Tyagi is confident that when this does occur, it will enable quantifiable improvements in the painting process: “We will definitely be able to manage paintshops better.” He says the key enabling factor will be a tightening of the loop between in-process monitoring, corrective decision-making and implementation of remedial actions.

Controlling humidity is crucial

One of the essential local environmental factors that must be accurately controlled in any automotive painting installation is the relative humidity (RH) level within the booth itself. The usual target figures are 72% where the process involves the application of a water-based, liquid paint and 45% where an electrostatic process involving the use of dry powder is concerned. The disparity is the consequence of the differing requirements for paint adhesion that each type of process requires.

In the first case, the key objective is to ensure that none of the water in the paint ejected from the paint gun is absorbed by the surrounding atmosphere before it reaches the car-body surface, hence the need for a relatively high humidity level in the booth. In the second, the primary aim is to avoid the build-up of extraneous electrostatic charges that could interfere with the process, therefore the target RH again has a minimum level albeit one that does not need to be as high as for liquid paint application.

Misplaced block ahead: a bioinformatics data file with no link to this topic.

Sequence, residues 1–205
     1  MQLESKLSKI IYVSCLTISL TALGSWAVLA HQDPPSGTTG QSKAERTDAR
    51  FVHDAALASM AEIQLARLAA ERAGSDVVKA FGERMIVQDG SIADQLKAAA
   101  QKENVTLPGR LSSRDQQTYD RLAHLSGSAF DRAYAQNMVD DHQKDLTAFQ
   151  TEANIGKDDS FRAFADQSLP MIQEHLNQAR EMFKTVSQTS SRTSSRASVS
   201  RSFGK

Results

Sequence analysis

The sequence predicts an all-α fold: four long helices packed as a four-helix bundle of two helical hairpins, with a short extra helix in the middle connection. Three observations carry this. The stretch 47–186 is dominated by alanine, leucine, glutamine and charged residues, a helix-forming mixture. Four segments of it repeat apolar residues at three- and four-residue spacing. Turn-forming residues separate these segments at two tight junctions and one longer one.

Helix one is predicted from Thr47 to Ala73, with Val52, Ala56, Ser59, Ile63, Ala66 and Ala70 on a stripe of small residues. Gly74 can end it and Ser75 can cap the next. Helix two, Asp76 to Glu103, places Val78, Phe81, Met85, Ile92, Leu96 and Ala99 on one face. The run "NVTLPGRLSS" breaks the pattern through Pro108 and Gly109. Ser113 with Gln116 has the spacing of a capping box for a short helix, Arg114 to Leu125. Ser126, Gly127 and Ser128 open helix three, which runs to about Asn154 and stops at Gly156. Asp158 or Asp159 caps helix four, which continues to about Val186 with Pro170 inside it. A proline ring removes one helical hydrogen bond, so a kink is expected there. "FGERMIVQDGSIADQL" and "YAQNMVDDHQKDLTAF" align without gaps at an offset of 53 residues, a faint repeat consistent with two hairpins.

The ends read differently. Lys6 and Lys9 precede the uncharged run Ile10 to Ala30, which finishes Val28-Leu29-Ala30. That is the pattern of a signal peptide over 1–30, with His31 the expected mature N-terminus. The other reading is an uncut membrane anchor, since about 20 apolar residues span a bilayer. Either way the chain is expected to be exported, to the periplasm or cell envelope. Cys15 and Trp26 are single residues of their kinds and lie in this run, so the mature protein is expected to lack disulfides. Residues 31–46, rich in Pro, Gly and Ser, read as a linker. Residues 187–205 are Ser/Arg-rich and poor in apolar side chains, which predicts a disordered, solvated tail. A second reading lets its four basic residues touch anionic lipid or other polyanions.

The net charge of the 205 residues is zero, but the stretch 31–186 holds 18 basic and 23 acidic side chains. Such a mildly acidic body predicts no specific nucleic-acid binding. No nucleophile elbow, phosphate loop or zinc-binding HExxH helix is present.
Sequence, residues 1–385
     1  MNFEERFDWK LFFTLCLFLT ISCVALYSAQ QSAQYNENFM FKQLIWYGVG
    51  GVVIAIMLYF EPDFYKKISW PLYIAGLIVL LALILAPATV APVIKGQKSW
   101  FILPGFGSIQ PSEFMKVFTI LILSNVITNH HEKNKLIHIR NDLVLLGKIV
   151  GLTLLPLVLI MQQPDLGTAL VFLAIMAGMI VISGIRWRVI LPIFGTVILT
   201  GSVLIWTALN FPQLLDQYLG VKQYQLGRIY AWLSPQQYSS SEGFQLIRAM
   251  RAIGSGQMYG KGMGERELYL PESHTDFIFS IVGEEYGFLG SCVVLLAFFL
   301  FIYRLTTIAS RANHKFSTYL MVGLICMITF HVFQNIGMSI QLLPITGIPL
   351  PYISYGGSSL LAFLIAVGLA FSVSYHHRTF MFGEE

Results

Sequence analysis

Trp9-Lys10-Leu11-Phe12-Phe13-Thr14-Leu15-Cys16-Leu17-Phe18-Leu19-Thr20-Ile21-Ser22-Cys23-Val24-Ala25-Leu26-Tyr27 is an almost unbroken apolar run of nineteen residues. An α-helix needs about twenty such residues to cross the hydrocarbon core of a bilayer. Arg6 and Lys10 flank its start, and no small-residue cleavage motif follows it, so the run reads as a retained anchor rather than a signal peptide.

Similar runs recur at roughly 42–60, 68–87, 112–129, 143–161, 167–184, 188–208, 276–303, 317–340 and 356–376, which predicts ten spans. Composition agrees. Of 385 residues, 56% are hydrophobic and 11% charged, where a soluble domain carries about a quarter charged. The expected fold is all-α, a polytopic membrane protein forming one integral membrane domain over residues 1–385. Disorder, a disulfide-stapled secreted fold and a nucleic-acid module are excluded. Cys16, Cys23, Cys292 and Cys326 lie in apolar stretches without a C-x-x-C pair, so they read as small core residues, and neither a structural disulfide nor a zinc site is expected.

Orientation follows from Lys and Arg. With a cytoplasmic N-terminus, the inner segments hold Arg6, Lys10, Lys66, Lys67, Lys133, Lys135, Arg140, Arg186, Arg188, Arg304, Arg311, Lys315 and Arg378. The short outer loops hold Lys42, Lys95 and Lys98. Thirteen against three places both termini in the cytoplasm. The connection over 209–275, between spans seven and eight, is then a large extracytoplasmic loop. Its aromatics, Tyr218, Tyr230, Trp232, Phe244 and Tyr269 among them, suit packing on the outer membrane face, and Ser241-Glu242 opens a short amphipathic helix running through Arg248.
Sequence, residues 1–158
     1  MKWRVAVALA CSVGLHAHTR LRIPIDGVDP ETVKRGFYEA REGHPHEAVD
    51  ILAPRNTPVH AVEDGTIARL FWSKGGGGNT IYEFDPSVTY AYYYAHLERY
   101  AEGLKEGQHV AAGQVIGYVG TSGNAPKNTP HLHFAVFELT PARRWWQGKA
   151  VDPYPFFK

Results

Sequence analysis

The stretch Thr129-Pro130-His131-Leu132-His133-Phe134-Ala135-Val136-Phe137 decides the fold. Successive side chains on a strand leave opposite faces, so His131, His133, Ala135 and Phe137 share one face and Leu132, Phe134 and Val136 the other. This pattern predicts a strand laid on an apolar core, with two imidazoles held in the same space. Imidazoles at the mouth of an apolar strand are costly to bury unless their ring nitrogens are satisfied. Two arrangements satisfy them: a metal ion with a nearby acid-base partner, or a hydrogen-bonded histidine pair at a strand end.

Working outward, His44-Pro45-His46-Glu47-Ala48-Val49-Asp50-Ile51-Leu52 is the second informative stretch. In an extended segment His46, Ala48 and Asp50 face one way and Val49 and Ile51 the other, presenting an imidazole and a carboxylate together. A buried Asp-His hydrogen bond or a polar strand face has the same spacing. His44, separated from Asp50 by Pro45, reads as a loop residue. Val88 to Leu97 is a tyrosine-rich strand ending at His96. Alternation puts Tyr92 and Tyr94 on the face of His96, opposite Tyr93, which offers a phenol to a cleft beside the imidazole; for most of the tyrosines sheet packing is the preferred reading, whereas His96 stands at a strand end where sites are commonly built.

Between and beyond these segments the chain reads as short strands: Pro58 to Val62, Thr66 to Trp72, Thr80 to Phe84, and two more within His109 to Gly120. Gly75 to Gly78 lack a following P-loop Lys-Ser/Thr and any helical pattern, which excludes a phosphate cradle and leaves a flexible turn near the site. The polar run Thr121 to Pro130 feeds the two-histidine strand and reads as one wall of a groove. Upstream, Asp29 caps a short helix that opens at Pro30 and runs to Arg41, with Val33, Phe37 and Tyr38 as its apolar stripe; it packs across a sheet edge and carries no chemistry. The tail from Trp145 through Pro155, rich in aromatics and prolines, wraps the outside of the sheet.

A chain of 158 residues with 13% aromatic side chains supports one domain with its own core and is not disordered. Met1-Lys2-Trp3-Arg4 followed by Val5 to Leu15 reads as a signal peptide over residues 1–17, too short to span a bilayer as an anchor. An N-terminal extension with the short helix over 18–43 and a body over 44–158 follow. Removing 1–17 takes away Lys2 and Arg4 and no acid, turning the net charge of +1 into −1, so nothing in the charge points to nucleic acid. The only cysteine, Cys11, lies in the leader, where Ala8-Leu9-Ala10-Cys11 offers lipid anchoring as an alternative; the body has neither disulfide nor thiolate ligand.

Condair Condair's ME Evaporative product to control humidity uses five 24V DC units in place of a 240V AC pump motor

These figures are provided by Carl Batchelor, global business development manager for humidification system supplier Condair, which has provided its technology for several major vehicle-makers, including JLR in the UK. Batchelor says that, while creating and maintaining such conditions is a task that the company regards as quite routine, the products it uses to do so continue to be developed.

One example is the company's ME Evaporative pump, which was introduced just a year ago with automotive painting as a primary target application area. The product aims to reduce energy consumption without compromising on quality; it does so by replacing the single 240V AC pump motor that would typically be used with five 24V DC units. Also relevant to the intense production demands typical in a car plant is the capability to mount the hydraulic unit containing the water tank and pumps externally to the air handling unit, thereby facilitating ease-of-access and reducing downtime for maintenance.